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In a slew of findings released today, the Privacy Commissioner of Canada upheld the view of consumer advocates that consumers should be provided, up front, with clear, detailed information on how their personal information will be used by businesses. He also found that consumers should be given a convenient, inexpensive means of opting out of secondary marketing purposes.
George Radwanski found that companies are violating the federal data protection law by failing to obtain meaningful consent from consumers to secondary uses of their personal information.
In October 2001, the Public Interest Advocacy Centre (PIAC) lodged complaints against a number of large companies, alleging that they were in breach of the legal requirement for informed consent. In some cases (e.g., Bell Canada), the Commissioner found that the company did not use or share customer data with affiliates. One company, Scotiabank, was found to have an “exemplary” policy of personally bringing optional secondary purposes to the attention of customers, and guiding customers through the opt-out process.
However, the Commissioner had harsh words for MBNA Canada’s practices regarding use of customer information for secondary purposes, and found that Bell Mobility, Bell ExpressVu, and Loyalty Management Group (operating the AIR MILES program) all ran afoul of the federal law.
“This sends an important message to the marketplace”, said Philippa Lawson, the PIAC lawyer who lodged the complaints last year. “Businesses can’t simply deem customer consent to the use of personal information for secondary purposes, on the basis of hidden contract terms or website postings. In order to meet legal standards, consent must be obtained in a manner that ensures that it is conscious, informed, and intentional.”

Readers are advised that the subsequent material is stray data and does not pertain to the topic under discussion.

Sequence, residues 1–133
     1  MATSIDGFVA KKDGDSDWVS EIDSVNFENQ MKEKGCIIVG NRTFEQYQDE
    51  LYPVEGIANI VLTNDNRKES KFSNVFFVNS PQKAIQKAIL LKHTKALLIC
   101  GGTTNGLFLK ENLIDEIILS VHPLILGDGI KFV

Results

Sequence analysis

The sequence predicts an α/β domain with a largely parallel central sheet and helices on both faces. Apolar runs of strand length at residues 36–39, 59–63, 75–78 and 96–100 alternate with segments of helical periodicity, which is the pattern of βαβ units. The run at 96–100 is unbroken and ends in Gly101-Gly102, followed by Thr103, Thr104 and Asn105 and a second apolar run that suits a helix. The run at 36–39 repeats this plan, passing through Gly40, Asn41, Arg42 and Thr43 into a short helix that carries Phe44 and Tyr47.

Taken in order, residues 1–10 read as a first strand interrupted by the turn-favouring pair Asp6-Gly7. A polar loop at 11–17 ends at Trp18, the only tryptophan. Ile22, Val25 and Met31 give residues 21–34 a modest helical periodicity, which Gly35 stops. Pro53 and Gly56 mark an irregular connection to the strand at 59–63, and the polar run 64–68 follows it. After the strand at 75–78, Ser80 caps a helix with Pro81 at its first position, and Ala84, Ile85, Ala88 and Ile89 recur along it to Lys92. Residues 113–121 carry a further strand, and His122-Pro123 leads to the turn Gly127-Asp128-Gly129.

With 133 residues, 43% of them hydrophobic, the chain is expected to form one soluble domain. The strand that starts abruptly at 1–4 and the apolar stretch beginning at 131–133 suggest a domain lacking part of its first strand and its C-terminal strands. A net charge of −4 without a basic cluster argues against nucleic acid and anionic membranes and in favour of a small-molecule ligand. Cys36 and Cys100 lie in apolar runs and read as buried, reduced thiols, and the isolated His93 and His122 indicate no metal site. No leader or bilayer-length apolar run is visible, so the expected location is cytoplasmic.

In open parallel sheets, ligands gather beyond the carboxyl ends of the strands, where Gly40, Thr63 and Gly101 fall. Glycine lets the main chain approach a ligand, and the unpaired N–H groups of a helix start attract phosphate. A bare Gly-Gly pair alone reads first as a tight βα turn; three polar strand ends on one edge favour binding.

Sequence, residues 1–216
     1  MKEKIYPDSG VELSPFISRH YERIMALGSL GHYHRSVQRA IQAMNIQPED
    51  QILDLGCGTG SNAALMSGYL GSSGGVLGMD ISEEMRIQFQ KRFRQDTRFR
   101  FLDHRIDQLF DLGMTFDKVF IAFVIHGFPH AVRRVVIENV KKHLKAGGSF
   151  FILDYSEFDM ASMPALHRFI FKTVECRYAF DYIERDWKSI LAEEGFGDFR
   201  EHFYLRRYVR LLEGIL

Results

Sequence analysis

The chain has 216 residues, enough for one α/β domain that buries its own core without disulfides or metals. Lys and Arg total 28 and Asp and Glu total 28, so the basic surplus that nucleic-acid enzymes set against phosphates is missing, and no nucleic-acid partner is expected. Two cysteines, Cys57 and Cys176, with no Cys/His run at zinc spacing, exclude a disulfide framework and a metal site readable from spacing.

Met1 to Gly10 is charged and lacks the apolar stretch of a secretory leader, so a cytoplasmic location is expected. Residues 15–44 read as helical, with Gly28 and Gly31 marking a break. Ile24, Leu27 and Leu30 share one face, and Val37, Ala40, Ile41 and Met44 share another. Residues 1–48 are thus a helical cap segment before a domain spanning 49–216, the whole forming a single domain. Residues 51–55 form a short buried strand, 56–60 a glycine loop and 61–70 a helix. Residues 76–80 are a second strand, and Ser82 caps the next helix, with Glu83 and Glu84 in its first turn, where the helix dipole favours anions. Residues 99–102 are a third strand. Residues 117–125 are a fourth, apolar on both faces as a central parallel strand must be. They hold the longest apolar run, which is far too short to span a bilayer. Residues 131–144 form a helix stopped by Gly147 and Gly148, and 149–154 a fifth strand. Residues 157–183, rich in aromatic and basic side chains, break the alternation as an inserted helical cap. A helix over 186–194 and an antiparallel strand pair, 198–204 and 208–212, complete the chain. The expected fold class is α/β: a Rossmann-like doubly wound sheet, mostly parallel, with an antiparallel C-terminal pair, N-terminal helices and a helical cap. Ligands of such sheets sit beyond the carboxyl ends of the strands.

“The Commissioner has made it clear that this means bringing the matter to the attention of the individual customer during the application process, rather than relying upon generally available policy documents. It means stating the purposes in clear, plain language and in sufficient detail for the ordinary consumer to appreciate what it is they are consenting to. And finally, it means giving consumers an easy, inexpensive way to opt-out of secondary purposes”, she added.
The Commissioner further stated, in his findings on Bell Mobility, that “where an organization intends to disclose personal information that the individual is likely to consider sensitive, such as credit records and complaint records”, the individual should “be consulted directly and positively”, though “positive or opt-in consent rather than the negative option”.
“These findings reflect the clearly expressed preferences of Canadians”, said Ms. Lawson. In a nation-wide survey conducted by EKOS Research Associates Inc. last year, 82% of Canadians said that businesses should obtain their permission before using their information for further marketing purposes. 69% do not consider approve of opt-out approaches to consent for such purposes. If opt-out is nevertheless used, 88% said that the opt-out process should be clear and easy for them to execute.
“It’s time for the marketplace to wake up”, said Ms. Lawson. “Consumers are demanding control over their personal information, and the law supports their demand. Companies who think they can just assume customer consent to secondary uses of their personal information should think again. Consumers value their privacy, and expect companies to respect it.”
See http://www.privcom.gc.ca/cf-dc/index2_e.asp for the Commissioner’s Summary Findings.
CONTACT: Philippa Lawson, PIAC tel: 613-562-4002 x.24 (613)282-4673 (cell)